We wash the rice bran and soak up carefully and suitably. The limited water absorption is one of the significant processes to set the quality of the steamed rice. We check the water absorption ratio carefully by using automatic washing and soaking system.
We steam the polished and steamed rice in order to make starch will be easily decomposed by koji enzymes.
“Ichi-koji, Ni-moto (starter), San-tsukuri (mash).”, brewers say. This means the koji is vitally important in sake brewing process. Koji is the aspergillaus oryzae fungus (koji-kin). We sprinkle the spores of koji (tane-koji) with the steamed rice to make the rice koji. The rice koji is added to the yeast starter and the moromi mash to help convert the rice starch into glucose.
Shubo is the yeast starter, which means “the Mother of Sake”. From 2014 we have been working on a Kimoto and a Yamahai methods. They usually take twice time compared to the quick fermentation method “Sokujo” and produce a rich sake with good acidity.
They are the traditional methods that utilize naturally occurring lactic acid bacteria. These methods are labor-intensive; time consuming; and require more patience than modern methods to produce a rich, full-bodied sake. About 400 years ago, Kimoto method was popular in Japan. Then Yamahai-moto was developed in 1909, Meiji period. This means the sake making process without Yamaoroshi (The grinding process of starter culture). Our brewery has been challenging the Kimoto and Yamahai method from 2014.
Our fermentation process is divided into three steps. In each step we put koji, steamed rice, and water into the yeast starter (Shubo). On the first step is called “Hatsu-zoe”, the second is “Naka-zoe” and the third is “Tome-zoe”.
Converting the starch into glucose and creating alcohol by the yeast are occurred in a same tank. It is known as “multiple parallel fermentation”. With this process, Japanese sake has the highest percentage of alcohol (17-20%) in all fermented beverages in the world.
After 20-30 days from fermentation process, we check carefully the condition of the moromi.（Sake mash）One method of pressing is called “Assaku” with a pressing machine, the other is called “Fukuro-tsuri”. In this method, Moromi is poured into cloth bags, which are then strung up over a tank.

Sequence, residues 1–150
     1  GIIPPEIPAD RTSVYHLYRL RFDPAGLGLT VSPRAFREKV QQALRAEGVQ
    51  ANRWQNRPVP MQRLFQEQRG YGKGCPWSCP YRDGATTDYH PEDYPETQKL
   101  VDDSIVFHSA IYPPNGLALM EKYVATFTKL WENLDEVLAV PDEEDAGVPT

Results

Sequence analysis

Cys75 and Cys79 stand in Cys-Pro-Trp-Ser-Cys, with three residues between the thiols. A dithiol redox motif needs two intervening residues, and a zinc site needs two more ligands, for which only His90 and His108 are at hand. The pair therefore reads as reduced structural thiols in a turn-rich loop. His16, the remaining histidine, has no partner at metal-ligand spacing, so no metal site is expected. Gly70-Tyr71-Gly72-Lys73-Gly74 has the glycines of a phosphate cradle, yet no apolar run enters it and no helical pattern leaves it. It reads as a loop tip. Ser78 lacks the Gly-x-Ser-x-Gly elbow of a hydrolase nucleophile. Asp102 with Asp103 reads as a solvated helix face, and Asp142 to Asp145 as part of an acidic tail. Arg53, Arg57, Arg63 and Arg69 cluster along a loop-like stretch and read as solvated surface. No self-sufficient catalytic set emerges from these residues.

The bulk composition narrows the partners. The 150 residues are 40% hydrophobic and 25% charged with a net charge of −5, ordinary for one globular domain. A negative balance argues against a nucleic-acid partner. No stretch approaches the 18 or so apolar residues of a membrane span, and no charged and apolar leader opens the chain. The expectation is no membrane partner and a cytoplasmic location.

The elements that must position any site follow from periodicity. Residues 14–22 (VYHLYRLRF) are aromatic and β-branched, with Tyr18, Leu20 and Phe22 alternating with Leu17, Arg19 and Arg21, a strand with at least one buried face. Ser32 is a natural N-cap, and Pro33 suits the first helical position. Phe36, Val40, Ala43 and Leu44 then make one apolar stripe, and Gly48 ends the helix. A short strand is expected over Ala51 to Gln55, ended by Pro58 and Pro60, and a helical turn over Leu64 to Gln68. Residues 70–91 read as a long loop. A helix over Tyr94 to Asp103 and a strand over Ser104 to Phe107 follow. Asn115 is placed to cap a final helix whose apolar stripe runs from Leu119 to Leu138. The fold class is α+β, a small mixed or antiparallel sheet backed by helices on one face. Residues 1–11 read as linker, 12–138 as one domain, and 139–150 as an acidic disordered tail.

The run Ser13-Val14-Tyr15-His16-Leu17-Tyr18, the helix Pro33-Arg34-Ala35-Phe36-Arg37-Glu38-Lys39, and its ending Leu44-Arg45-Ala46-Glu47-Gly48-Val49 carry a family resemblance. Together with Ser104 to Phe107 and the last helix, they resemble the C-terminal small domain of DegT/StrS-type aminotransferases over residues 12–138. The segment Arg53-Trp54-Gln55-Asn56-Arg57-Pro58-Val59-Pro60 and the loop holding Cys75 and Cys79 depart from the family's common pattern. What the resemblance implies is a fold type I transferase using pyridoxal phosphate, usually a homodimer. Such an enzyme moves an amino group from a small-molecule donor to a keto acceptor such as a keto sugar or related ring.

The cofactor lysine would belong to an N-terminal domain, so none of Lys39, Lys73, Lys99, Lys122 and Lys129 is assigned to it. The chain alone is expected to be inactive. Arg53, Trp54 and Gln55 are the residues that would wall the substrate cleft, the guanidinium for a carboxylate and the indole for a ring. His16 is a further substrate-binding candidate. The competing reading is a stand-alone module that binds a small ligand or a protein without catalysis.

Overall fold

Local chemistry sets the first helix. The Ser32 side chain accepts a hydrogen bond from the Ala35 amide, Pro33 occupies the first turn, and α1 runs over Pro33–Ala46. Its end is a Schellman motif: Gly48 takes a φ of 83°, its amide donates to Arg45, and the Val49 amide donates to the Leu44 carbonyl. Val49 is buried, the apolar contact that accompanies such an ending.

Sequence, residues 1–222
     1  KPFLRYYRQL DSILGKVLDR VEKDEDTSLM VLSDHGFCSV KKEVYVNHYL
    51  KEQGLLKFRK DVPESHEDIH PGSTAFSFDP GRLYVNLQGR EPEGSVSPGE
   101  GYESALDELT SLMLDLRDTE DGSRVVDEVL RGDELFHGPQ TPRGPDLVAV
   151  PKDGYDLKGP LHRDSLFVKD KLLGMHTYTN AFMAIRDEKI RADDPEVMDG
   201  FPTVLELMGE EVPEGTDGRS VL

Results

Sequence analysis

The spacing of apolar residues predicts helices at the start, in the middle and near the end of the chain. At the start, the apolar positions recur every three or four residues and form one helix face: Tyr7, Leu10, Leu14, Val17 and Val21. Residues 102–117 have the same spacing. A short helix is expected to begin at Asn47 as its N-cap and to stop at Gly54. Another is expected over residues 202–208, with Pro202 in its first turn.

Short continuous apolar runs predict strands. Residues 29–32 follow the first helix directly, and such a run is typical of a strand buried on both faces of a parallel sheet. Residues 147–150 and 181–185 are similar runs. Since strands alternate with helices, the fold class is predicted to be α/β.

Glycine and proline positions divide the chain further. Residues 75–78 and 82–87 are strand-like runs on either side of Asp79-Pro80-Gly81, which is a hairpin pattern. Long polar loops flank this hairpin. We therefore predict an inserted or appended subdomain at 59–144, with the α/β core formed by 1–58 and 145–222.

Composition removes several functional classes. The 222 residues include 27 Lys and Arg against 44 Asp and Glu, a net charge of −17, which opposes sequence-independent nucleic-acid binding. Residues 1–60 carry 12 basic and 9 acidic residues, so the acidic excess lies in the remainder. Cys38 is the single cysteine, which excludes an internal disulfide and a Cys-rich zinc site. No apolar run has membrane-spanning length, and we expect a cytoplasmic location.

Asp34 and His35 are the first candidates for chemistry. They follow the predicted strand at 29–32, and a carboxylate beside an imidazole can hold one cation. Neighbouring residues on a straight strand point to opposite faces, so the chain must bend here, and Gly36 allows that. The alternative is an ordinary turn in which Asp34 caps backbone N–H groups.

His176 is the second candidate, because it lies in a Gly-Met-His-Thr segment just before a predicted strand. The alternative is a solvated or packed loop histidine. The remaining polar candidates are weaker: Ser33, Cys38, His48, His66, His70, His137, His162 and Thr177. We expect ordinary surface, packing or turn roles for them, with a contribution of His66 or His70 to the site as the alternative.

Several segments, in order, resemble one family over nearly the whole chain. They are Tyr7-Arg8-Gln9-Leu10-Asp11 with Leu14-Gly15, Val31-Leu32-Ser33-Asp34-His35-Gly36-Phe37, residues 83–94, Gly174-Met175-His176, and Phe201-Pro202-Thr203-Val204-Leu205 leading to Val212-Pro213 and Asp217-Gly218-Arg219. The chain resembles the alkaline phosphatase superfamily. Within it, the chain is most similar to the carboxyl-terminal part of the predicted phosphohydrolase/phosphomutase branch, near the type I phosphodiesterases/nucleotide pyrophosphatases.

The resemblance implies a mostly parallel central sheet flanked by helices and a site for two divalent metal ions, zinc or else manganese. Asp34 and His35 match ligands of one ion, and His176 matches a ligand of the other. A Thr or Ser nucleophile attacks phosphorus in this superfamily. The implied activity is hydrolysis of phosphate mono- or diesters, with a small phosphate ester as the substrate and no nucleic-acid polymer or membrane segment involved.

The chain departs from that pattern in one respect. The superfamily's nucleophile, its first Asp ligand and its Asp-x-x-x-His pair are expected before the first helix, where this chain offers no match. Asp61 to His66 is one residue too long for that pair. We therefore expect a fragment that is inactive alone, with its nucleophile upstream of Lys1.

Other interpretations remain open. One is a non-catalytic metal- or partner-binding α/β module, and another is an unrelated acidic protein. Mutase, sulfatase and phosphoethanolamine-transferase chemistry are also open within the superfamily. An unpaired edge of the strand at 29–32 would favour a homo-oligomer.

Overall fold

The filtration is carried out to eliminate unnecessary materials, and to give as clear the sake as possible.
We use the low temperature(60-65℃) heat method to keep the quality of sake efficiently.
We keep the sake in tanks until bottling. Those tanks are in the special storage room in our brewery.
We bottle the sake carefully after adjusting the flavor of sake by blending, water adding, second filtering and so on.
To keep the quality of the specific Sake, second Pasteurization is carried out. Very fresh sake called “nama-zake” is without pasteurization. “Nama-tsume” is just one pasteurization before keeping it in a tank. “Nama-chozo” is also one pasteurization, but it’s heated after bottling.
We bring our sake not only to the local area, but also to overseas such as Australia, China, and Taiwan.
We have been making efforts for the succession of our traditions and always seek to produce the highest quality product. At the same time, we try to create new flavor of sake along the trends of the times.
※The Sasayuri Bus operates only on weekdays. Please confirm the Okazaki City website for details regarding other community buses in the Nukata district.